Philipsburg St. Maarten, January 18, 2019 – “I wish to again congratulate all of the persons who contributed to the success of the Interparliamentary Kingdom Consultations (IPKO) held on St. Maarten during the week of January 7th, 2019. Nonetheless the debate continues with the question, does IPKO have any added value? I believe it does.” stated President of Parliament, Sarah Wescot-Williams.
The IPKO, formerly under different names, dates back prior to Suriname’s independence in 1975. “So, the fact that after so many years, the desire to come together as Parliaments of the three, then two, then three again and now four countries, is still shared, should tell you something. Of course much time has passed and like everything else the IPKO too is evolving. However, it was and remains no more than a consultative body of Members of Parliaments. Can parties reach agreements? Of course and over the years we have seen these discussions sometimes resulting in action by factions and or members of the Dutch Chambers (“van Oven law”, only recently adopted, “Motion van Laar, etc),” the Chairlady further stated.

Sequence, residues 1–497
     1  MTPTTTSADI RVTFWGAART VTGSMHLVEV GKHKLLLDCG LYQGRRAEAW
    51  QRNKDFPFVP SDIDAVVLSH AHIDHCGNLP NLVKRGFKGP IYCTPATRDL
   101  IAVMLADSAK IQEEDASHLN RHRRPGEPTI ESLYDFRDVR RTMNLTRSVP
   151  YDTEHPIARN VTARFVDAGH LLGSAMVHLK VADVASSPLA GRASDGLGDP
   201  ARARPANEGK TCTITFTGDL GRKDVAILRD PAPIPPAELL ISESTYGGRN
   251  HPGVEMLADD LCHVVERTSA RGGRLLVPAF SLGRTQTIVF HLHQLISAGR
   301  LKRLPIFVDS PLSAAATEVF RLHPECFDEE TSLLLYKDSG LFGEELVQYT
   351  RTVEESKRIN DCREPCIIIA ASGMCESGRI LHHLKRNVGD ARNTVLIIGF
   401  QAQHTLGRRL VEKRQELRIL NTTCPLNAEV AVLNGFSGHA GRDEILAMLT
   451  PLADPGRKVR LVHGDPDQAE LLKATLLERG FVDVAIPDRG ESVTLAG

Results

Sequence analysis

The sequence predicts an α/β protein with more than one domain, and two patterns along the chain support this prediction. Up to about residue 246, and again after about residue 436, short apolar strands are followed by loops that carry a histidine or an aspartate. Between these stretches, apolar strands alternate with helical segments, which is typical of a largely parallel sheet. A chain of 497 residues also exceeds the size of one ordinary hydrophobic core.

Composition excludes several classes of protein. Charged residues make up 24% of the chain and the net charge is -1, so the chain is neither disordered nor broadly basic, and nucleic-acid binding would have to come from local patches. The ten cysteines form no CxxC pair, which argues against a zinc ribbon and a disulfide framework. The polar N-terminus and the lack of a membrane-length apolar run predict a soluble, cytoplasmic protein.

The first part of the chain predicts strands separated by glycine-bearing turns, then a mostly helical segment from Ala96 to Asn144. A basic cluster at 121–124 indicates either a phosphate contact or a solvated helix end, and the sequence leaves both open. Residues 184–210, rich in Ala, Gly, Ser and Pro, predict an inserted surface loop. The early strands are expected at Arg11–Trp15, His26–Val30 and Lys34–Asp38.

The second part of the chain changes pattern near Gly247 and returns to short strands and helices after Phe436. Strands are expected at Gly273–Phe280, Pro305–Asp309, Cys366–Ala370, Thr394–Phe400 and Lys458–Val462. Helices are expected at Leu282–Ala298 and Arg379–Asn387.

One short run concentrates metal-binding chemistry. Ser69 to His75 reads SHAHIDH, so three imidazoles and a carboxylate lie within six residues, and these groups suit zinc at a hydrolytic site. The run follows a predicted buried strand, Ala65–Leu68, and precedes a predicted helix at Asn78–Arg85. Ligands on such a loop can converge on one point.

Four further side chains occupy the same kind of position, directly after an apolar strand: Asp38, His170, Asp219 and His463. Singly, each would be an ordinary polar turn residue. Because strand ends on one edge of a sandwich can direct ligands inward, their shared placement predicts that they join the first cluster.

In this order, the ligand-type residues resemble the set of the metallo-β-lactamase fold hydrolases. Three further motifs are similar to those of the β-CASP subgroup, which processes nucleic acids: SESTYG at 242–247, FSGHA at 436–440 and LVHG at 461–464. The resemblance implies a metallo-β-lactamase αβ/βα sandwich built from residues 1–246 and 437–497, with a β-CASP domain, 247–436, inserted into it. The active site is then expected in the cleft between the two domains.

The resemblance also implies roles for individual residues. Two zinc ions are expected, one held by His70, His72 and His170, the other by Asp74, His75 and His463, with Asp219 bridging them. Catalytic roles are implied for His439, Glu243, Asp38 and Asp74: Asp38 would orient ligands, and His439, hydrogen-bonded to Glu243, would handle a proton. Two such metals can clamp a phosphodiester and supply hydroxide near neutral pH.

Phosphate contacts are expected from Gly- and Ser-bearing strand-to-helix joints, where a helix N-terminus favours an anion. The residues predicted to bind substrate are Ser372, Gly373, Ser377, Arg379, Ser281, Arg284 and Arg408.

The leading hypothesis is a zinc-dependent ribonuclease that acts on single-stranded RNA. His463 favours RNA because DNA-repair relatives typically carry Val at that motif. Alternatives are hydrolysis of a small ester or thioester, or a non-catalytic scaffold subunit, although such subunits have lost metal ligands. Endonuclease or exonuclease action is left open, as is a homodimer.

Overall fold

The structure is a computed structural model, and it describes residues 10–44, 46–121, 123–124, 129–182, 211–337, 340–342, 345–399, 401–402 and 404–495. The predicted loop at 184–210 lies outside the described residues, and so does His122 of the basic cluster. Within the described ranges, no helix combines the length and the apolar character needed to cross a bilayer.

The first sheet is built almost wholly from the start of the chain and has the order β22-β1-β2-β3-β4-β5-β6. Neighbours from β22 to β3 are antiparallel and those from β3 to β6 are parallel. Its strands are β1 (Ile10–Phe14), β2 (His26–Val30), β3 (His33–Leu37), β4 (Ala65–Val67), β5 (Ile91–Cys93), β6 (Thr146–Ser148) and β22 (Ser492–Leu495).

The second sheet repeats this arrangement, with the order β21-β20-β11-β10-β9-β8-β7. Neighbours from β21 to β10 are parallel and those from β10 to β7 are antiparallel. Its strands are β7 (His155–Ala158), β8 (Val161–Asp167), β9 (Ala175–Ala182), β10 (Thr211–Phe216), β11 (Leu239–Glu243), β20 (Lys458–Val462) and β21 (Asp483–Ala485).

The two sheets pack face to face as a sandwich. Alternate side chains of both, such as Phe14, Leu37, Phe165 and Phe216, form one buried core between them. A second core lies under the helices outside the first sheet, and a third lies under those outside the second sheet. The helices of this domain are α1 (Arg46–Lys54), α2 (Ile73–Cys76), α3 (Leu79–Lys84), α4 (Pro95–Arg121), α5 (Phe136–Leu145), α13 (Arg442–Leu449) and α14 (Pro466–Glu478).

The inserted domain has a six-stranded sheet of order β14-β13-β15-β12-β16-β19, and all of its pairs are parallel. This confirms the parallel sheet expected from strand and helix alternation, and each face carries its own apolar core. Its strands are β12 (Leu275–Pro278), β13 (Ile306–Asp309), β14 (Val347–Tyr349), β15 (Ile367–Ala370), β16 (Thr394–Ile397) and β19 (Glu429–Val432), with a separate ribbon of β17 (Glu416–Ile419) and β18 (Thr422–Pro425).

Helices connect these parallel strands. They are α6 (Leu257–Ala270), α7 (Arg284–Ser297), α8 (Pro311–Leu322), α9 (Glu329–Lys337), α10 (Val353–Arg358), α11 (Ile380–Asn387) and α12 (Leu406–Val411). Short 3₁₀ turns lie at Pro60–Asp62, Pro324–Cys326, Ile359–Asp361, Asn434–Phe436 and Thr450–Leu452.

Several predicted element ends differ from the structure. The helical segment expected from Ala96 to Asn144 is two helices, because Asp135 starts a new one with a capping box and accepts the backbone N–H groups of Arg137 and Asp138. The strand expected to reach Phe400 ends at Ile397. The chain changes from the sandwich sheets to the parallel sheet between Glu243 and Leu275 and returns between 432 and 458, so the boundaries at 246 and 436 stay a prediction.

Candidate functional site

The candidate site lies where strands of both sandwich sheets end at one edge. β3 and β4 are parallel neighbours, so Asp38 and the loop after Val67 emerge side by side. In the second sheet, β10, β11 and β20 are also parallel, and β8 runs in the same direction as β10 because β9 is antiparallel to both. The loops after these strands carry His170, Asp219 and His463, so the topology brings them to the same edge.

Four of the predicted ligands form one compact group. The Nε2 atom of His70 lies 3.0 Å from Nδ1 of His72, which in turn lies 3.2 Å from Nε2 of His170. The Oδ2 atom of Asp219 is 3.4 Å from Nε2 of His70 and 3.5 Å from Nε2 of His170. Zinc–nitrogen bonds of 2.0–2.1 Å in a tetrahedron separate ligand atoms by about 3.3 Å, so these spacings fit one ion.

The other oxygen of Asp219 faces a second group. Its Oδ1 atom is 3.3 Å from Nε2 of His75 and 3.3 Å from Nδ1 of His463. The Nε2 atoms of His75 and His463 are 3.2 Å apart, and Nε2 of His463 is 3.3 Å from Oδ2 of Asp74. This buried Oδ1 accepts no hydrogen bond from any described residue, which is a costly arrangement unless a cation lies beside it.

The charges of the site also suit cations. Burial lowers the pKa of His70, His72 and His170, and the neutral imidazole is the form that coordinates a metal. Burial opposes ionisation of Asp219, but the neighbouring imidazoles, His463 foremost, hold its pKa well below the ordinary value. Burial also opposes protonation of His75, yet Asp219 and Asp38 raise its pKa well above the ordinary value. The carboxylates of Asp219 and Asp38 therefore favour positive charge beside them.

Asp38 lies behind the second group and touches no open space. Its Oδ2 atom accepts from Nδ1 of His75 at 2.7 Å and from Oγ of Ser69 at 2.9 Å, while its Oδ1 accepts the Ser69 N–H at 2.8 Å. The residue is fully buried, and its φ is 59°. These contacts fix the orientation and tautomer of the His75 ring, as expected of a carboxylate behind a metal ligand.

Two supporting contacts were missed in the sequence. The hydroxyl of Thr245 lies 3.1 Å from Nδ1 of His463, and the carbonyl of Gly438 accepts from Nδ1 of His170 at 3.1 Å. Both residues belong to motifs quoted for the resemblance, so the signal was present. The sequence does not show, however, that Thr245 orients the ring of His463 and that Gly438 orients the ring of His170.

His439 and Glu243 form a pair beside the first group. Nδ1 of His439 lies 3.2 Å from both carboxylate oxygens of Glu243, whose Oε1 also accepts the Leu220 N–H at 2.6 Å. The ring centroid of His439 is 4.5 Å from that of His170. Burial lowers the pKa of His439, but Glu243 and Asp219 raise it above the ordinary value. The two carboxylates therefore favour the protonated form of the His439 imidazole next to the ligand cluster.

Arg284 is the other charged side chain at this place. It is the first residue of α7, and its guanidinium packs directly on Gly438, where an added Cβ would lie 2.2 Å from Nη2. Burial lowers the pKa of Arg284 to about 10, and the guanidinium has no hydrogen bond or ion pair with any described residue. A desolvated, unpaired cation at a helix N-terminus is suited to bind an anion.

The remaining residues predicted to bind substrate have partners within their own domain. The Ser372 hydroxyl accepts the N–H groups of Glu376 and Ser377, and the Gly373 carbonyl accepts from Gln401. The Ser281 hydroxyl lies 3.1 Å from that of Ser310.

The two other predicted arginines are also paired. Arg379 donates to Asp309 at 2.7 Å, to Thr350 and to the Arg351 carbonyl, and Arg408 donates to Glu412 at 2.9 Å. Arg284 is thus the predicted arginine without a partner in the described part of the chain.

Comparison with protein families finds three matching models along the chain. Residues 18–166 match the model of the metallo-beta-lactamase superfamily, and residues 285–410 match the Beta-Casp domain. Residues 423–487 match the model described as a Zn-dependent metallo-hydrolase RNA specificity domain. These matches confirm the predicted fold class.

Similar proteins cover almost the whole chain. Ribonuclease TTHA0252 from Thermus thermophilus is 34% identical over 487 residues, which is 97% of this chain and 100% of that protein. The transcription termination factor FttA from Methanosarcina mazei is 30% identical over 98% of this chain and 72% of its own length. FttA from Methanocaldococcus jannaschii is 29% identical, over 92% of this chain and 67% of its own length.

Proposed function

“Nevertheless, we as Parliamentarians ought to know that any act coming out of these Interparliamentary consultations is voluntary. We ought to know, that jump high or low, Kingdom laws which affect all of us, can only pass or fail in the Dutch chambers.
Whether we submit a draft via Government, read Minister Plenipotentiary, or propose amendments or motions, the fate of these rests in the hands of the Dutch Members of Parliament – period!” she continued.
She mentioned that her approach as the delegation leader and host of the recent IPKO “had nothing to do with saving face, but all to do with recognizing that crying over spilt milk, will not get us any closer to a dispute regulation; will not get us any closer to a solution for the democratic deficit, in other words a Government with no parliamentary control. That’s what the Kingdom government is!”
Wescot-Williams concluded, “but then again, all politics are local and even the IPKO delegations consist of coalition and opposition Parliamentarians. Some delegations are better able to present a united front than others. But political undertones are ever present.
In the end, however, whatever plays out in IPKO, remember we are equal partners in an unequal system. Our approach therefore should always be with our end goal in mind, whether that is a dispute regulation, help with the fallout of the Venezuelan situation for the Caribbean Countries, a different take on the World Bank, you name it”.